Next up was Columbia. I had also visited Columbia before, and their campus is very grand and prestigious feeling. The law school is across the street (but there's a pedestrian bridge over the road), and consists of two buildings. It is newly done and has a very modern feeling, but still a lot of tradition and prestige. I was given a tour of the library, which is in the main building. It seemed fine, and my guide was very nice. She noted that CLS has the second biggest law collection in the country. I of course asked her what the first was, fully knowing what the answer would be. (Harvard.) The person in admissions was quite unfriendly and simply pointed to some brochures when I told her I was a prospective student. The area of Morningside Heights wasn't too bad, but nothing special really. My uncle warned me of the areas you don't want to go to at certain times of day, some of which weren't too far away. Kind of scary for a country girl like myself. I don't think I can see myself in a place like Columbia, just because of the city factor, but there is no denying that Columbia seems like a fabulous school. If I had to choose between NYU and Columbia, well, I don't know what I'd do!
This was actually the only school I hadn't visited before for undergrad. The law school is on a satellite campus in the ritzy suburb of Newton. The building seemed fine, although, again, rather "highschooly". It was attached to a big cafeteria with some freshman dorms nearby. I can't see myself commuting to a place like BC every day, but I think it might be ideal for someone with a spouse and a family.
I finally got to see the infamous law tower upclose and personal! If I had to choose between BU and BC only on my superficial visit, I'd go with BU. It's in a very urban and vibrant area, although surrounded by a few major highways, which is a huge turnoff for me. The tower was a bit claustrophobic and ugly from the outside, but not horrible on the inside, though I wouldn't care to ride the elevators all day. They're a bit rickety. The most claustrophobic thing for me was the surrounding campus, however. It's not very pedestrian friendly.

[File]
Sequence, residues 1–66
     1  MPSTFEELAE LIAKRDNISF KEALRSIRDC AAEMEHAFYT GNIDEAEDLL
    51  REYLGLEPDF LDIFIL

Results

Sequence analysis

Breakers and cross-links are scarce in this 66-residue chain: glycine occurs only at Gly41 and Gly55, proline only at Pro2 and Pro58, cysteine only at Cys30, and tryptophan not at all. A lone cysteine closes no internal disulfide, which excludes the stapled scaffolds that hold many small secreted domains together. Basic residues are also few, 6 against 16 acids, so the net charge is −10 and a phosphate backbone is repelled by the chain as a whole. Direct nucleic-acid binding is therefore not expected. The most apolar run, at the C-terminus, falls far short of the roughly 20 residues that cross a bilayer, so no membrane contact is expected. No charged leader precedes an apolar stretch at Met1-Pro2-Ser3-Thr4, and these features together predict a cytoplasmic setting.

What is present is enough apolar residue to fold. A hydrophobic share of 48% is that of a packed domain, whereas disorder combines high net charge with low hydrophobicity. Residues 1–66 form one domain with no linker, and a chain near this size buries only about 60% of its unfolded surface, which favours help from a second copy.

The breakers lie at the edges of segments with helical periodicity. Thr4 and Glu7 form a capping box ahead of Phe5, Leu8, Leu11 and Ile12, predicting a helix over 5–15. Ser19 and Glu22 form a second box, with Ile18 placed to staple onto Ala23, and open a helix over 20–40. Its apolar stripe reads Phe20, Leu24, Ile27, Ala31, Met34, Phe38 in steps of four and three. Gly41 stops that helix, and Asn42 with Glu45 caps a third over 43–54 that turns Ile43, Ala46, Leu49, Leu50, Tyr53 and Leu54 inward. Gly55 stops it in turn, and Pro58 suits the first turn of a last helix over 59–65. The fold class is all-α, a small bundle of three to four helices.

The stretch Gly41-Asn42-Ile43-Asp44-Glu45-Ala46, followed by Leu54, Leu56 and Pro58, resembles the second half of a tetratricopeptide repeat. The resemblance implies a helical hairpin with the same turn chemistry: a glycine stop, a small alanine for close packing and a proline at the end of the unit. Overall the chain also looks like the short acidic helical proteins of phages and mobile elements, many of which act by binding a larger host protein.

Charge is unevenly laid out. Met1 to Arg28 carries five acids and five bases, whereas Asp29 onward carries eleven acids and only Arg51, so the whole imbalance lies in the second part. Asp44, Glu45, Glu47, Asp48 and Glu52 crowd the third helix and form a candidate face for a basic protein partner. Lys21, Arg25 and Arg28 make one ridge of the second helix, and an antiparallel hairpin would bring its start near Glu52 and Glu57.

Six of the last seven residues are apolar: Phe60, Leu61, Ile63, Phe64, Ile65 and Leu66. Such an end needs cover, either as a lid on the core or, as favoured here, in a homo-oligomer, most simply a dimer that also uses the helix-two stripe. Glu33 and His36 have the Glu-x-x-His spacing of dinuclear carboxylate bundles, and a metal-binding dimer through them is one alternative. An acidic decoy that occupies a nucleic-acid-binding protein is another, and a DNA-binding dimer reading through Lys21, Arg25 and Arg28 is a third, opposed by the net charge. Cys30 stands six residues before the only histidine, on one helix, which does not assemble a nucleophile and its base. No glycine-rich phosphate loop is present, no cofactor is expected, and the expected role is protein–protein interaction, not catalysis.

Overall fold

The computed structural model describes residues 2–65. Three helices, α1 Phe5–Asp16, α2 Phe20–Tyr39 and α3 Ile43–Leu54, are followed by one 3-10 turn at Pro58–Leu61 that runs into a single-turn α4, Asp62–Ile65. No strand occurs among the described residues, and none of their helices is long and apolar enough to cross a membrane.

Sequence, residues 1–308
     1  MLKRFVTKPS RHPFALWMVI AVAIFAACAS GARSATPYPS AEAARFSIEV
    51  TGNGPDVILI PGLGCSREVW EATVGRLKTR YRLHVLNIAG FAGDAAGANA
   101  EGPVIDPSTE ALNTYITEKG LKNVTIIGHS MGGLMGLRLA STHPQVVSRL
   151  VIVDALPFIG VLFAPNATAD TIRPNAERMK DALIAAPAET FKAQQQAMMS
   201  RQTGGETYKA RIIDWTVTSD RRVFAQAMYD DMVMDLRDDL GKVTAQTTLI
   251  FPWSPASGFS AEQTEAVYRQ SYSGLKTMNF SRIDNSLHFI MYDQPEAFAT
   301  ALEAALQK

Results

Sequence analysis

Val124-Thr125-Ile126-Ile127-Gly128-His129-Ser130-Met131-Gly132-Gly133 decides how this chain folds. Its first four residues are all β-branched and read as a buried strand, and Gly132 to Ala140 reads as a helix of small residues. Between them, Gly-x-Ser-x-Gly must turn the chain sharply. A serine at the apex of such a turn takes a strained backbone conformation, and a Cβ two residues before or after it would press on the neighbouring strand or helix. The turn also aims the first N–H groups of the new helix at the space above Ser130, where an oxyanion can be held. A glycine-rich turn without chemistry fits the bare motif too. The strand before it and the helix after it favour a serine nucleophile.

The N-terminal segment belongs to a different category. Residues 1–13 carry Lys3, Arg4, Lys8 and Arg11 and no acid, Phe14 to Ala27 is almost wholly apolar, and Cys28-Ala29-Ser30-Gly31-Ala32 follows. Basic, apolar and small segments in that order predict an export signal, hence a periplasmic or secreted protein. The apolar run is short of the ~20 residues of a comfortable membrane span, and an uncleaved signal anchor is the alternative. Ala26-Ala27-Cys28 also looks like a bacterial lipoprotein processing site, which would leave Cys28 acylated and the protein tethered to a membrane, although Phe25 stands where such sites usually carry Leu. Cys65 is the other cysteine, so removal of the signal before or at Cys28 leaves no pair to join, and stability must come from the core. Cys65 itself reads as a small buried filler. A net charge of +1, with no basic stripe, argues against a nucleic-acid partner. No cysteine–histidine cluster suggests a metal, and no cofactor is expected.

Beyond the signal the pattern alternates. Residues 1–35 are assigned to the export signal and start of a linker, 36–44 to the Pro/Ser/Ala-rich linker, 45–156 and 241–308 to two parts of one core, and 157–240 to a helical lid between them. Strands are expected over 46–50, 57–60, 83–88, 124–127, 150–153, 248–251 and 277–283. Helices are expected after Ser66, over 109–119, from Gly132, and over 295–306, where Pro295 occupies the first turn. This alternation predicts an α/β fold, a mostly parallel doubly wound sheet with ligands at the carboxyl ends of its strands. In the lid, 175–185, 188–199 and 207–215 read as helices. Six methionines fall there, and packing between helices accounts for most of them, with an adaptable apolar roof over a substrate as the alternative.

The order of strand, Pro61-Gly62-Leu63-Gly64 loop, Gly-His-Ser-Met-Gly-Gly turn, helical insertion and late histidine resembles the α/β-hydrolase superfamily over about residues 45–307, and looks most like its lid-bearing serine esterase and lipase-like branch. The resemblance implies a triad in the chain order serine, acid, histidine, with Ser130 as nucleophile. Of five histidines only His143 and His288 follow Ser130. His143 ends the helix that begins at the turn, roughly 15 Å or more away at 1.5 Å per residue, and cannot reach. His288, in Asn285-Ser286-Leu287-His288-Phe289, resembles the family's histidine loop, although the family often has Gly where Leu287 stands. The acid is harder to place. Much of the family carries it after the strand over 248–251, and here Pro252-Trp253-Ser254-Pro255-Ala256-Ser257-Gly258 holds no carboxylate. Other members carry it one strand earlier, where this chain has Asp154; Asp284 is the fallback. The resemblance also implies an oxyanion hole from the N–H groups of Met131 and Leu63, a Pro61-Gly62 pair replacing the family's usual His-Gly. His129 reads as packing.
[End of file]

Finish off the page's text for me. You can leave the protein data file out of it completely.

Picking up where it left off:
Oh why oh why couldn't I have scored a few points higher on my LSAT? This was my reaction after visiting Harvard. As my dad said, if Boston law schools were the three bears, BC is too cold, BU is too hot, and Harvard is just right. After getting a bit lost, we found the law school campus, and it is just that, a campus! It's the only law school I visited with a truly distinct campus and set of buildings. The library was absolutely huge relative to the other schools, and the other buildings were nice as well. There was a nice commons nearby for eating, and I didn't even find the Gropius complex to be *that* bad. The man in admissions was very nice, giving me a bunch of literature as well as Hershey's chocolate. Oh, I also saw "Mr. Stock's" office. He didn't appear to be inside, however.
Harvard was definitely head and shoulders above the competition, in my opinion, which, granted, is based on very little substance.
Oh, and on the way home we stopped at Vermont Law School, just because it's literally on the way. If you're interested in living in an extremely small, picturesque town and want to practice environmental law you might consider it, but otherwise it's not quite in the same league as the other schools.
Ok, that's it for my reviews...hopefully they become more detailed as the cycle progresses.
Has anyone who attended a Canadian University but has a current American address or interest in American schools been able to receive fee waivers? I'm concerned that, despite my American citizenship, I will not be able to recieve them because I go to school in Canada. Anyone else have this problem?
Pages:  2